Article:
“If I was a bassist,” Fallon says, leaning forward, grin on her face, “I’d kill myself.”

Sometimes on those Saturday nights at home, Alexandra and Sam talk, or watch a movie, or she lets him go down on her, his bony fingers pressing into the insides of her thighs, leaving bruises like fingerprints on her skin. But mostly, Sam just wants to play his bass. He’s in a band, Nietzsche’s Watering Can, with two kids from Summer Rock, Pete and Robbie, both twelfth graders from Halifax West who have a late-night punk show on CKDU and are obsessed with Star Trek. The band hasn’t had a show yet, but Robbie has been talking to the manager at Cafe Olé who thinks he might be able to get them into the Battle of the Bands.

“That’s so cool your boyfriend’s a guitarist,” Fallon said to Alexandra two weeks back, on the front steps of the school—the first words she had ever spoken to her, even though they had three classes together and rode the same bus. Alexandra was minding Sam’s bass while he ran back to his locker to get his math book. “My brother’s a guitarist. He plays with the Truth, have you heard of them? ”

“No,” said Alexandra, even though she thought she might have. “And it’s a bass, actually.”

“Oh, cool,” said Fallon, touching the top of the case with the tips of her fingers. “Cool.”

Four floors down from the TexPark, a car honks. Fallon jumps, and vodka sloshes over her arm. Sam takes her wrist and runs his tongue over the wet part.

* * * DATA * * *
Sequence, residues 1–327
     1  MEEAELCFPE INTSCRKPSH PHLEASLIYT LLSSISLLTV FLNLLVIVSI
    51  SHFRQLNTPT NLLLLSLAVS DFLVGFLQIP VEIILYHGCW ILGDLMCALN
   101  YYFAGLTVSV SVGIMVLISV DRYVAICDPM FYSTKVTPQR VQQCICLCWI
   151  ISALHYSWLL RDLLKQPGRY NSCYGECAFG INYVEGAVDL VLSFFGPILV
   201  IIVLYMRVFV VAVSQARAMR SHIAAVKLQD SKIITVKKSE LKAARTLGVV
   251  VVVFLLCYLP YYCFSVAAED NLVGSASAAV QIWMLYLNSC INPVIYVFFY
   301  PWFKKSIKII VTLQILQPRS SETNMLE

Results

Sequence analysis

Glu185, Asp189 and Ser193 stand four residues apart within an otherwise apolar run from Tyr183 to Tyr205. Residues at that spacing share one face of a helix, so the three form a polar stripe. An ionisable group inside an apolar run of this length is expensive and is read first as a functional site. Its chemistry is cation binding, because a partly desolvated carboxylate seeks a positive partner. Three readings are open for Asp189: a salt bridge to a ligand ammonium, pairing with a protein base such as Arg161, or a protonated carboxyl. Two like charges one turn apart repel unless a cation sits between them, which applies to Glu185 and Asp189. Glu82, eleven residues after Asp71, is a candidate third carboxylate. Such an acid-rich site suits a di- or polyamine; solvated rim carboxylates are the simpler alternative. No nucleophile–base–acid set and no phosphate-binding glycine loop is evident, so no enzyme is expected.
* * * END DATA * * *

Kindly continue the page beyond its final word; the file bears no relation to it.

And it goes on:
Gross,” says Fallon, pulling her arm back and wiping her wrist on her shirt. But when she looks at Alexandra there’s light in her eyes.

Sam puts his arm around Alexandra. He is so skinny she can actually feel his ribs through the layers of both their clothes. She can’t understand it—he eats more than a human being could ever possibly eat.

“Why can’t you be vodka flavoured? ” he asks.

“Why can’t you be an actual human being? ” Alexandra shoots back.

“Too much work,” says Sam. Then his hand is in her hair, his hot breath in her face. While he kisses her, she looks past him to Fallon, staring into her eyes until they fade away.

They’d planned to sneak into the Double Deuce to see Eric’s Trip, recently signed to a Seattle label and now the new favourite band of every single person who lived in Halifax and the outlying areas. Including Fallon, apparently, whose brother’s girlfriend works the coat check at the Deuce and who was “totally” going to get them in. “For sure. No problem.”